The Life Sciences sector is facing a period of profound change and disruption. Recent legislation efforts in the US like “Protecting Our Pharmaceutical Supply Chain from China Act of 2020” and “Securing America’s Medicine Cabinet Act of 2020” are once again raising a longstanding struggle in the Life Sciences industry: the trend towards localization.
As I noted in a previous blog,the pandemic shone a light on the over-reliance on countries like China and India – more than 80% of APIs used to manufacture pharmaceuticals come from China or India, and more than 30% of the US’s antibiotics come from China. Yet global concerns weren’t just about supply chain disruptions as countries moved into lockdown, but about the wider issue of drug security when the drug or its active ingredients aren’t produced locally.
As the cost advantages of outsourcing to China diminish, countries across the world, especially in Europe and North America, will expect and incentivize Life Sciences companies to focus primarily on security of supply.
The irony in localization being the new globalization
The trend towards localization is not new but it’s certainly accelerating. However, we aren’t witnessing the end of globalization. It’s simply changing shape. As Life Sciences organizations look to bring back elements of production into their local markets, they must also look to simultaneously build a presence in their overseas markets.
The reality is that if countries want to create drug security with the full production and distribution done locally, large pharma, biotech or medical device companies are going to need to build up their capabilities to meet local market requirements.
And, let’s face it, the idea that you can cut your reliance on well-established trading relationships overnight is virtually impossible. Even if a US-based Life Science company wanted to stop using their API supplier or move production of a drug to a local manufacturing center, it’s going to take months or years to complete.
The most likely outcome is for companies to develop their capability to discretely serve local markets while using a global supply model where it’s appropriate. The result is not the end of global supply chains but, for larger companies, the creation of multi-layered ecosystems with small local supply chains connected to a global backbone.
New levels of supply chain visibility, collaboration, and communication are going to be essential.
The growth of CDMOs and the evolution of the supply chain
One sector of the Life Sciences that has seen rapid growth during the pandemic is the Contract Development and Manufacturing Organization (CDMO) market. Estimates suggest that CDMOs have the most lucrative growth opportunities – going from around $80 billion in 2019 to over $315.7 billion by 2026.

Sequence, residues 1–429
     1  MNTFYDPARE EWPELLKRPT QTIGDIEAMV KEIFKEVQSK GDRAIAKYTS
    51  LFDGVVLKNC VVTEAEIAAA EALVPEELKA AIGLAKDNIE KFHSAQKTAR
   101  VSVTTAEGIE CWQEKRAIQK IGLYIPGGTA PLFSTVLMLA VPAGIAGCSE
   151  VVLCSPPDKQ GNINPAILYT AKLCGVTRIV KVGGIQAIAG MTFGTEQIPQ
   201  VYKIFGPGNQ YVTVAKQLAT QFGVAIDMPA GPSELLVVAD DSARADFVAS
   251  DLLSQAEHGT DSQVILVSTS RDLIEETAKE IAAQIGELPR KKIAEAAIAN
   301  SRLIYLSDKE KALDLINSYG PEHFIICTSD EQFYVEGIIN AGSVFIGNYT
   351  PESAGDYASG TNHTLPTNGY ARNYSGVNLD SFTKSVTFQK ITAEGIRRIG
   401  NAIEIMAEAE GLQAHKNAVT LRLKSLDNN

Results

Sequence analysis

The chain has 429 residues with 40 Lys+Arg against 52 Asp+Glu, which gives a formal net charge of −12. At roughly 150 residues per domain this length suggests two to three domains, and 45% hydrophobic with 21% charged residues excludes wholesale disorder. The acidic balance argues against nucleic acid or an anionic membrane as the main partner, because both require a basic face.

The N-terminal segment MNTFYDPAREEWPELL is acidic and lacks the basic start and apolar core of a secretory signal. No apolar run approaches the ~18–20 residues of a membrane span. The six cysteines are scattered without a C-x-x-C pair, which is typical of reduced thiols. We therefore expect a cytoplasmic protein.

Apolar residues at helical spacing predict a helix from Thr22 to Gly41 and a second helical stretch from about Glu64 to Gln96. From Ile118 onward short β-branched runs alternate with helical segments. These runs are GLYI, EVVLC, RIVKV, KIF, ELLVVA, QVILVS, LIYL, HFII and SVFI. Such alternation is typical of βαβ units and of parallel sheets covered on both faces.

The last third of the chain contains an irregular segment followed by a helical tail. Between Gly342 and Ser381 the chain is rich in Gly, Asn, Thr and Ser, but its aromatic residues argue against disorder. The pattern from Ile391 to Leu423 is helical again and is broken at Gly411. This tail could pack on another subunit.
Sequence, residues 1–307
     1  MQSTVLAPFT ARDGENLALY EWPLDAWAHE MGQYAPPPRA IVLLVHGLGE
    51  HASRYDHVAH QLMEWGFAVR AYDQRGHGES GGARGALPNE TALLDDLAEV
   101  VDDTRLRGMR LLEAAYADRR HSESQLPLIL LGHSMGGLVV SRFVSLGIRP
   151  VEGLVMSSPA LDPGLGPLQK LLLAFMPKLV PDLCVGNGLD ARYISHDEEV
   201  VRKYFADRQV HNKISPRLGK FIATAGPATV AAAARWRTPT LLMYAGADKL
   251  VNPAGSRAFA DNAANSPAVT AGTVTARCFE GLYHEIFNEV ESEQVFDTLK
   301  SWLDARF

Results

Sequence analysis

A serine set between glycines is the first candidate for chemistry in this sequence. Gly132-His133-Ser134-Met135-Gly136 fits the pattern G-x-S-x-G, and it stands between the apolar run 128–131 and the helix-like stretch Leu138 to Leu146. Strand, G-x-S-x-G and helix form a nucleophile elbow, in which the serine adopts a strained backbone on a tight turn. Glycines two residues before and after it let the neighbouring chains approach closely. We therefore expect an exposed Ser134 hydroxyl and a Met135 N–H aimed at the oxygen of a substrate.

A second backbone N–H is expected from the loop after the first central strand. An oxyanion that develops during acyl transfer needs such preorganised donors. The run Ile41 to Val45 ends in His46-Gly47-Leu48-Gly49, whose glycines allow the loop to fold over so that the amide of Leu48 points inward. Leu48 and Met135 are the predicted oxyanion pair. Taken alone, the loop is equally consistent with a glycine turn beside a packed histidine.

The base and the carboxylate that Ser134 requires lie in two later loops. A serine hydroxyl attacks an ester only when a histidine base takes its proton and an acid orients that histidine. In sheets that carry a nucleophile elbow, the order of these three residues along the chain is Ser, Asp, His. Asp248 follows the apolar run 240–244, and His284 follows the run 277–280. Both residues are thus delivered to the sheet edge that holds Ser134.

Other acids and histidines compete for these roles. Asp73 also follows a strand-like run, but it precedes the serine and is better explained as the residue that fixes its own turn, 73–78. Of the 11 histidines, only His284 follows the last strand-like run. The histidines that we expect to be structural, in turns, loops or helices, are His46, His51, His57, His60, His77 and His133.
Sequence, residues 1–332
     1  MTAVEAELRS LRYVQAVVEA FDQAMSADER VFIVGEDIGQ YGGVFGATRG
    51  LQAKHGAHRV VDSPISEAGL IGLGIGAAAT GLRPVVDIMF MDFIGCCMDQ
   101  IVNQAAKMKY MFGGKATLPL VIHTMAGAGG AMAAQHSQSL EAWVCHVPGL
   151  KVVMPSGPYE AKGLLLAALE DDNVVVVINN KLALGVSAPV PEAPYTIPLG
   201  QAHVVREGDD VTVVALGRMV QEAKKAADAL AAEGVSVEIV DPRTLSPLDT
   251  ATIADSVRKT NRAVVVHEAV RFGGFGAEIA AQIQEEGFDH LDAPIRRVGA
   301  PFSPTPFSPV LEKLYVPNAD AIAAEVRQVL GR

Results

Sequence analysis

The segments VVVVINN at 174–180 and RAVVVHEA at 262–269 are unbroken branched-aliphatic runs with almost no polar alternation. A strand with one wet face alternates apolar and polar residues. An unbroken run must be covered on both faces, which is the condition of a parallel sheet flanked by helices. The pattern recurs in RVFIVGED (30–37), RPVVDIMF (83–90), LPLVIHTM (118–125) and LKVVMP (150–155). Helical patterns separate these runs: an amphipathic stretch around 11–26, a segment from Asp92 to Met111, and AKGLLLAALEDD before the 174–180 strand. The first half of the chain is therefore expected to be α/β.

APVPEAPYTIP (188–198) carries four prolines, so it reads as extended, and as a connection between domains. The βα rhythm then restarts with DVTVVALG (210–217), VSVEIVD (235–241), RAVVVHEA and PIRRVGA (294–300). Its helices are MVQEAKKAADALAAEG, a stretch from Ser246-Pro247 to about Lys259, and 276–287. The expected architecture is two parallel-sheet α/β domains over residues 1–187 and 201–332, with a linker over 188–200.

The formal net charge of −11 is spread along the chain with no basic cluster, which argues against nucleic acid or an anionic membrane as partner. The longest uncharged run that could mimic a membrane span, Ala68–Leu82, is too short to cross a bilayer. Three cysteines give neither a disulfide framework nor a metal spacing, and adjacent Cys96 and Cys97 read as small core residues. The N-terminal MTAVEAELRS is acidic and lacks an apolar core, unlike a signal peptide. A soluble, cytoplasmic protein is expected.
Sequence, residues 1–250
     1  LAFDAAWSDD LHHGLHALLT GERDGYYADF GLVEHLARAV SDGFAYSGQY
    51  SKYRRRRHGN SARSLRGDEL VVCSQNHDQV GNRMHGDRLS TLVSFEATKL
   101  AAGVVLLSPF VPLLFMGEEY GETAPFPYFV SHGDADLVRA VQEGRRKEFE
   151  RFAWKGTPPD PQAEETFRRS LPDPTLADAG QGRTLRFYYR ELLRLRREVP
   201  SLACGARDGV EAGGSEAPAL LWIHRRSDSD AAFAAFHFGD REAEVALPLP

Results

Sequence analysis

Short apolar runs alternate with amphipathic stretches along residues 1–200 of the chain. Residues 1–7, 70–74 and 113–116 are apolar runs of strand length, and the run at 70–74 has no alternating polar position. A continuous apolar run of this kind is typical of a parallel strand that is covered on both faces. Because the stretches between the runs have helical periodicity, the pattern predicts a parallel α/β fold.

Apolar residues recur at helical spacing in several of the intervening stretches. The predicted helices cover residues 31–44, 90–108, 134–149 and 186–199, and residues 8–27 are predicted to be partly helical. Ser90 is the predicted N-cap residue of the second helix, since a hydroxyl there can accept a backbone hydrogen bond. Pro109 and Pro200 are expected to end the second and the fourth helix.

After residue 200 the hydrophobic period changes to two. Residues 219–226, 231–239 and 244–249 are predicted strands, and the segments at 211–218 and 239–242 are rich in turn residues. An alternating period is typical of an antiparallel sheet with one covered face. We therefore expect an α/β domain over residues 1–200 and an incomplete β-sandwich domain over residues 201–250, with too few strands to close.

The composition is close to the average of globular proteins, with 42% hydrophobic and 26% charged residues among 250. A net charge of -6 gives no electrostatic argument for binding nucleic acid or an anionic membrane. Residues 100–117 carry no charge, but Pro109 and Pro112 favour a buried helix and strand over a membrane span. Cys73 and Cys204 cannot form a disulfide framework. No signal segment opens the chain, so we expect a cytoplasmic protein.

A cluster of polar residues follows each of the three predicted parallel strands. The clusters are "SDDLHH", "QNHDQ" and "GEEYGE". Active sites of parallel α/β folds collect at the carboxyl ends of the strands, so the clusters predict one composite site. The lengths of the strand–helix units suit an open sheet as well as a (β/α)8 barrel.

While the pandemic saw many billions in stimulus payments for the sector, the aftermath is going to more than reverse this trend with the shortfalls in public sector budgets to putting a squeeze of the funds available for drugs. The need to up production – to meet goals like localization – while focusing on cost and revenue will increase Life Sciences companies partnering with CDMOs. In addition, many governments are looking to incentivize the use of CDMOs to boost national production.
It seems logical to also suggest that companies will investigate CDMOs to accelerate their presence in their overseas markets at lower cost. To achieve this will require effective supply chain platforms that can quickly connect with new partners and allow effective trading while ensuring that quality and IP are protected.
Can the focus on drug safety inadvertently build resilience?
This evolving ecosystem of companies, suppliers, partners, 3PLs and customers remains vulnerable to the supply chain disruptions experienced during COVID-19. Part of the issue revolved around delays and challenges in distribution and delivery. There have been many instances where vital supplies have been left idling or cold storage units not available as lockdown requirements have created problems at ports and airports.
A lack of visibility and transparency in the supply chain has exacerbated these issues and made it more challenging for companies to know where their cargo is and whether they need to source alternate supply or manufacture a second batch.
The track and trace, monitoring and licensing requirements of regulations such as the Drug Supply Chain Security Act (DSCSA) may help to overcome those challenges and deliver greater levels of supply chain resilience. Life Science companies are a little better equipped to see where inventory is and how their suppliers, logistic carriers and distributors are performing, but it is still a far cry from true end-to-end visibility. The digital systems available to ensure the supply chain visibility needed for DSCSA can also easily be deployed to effectively manage disruptions in supply caused by a pandemic or other natural or geo-political event.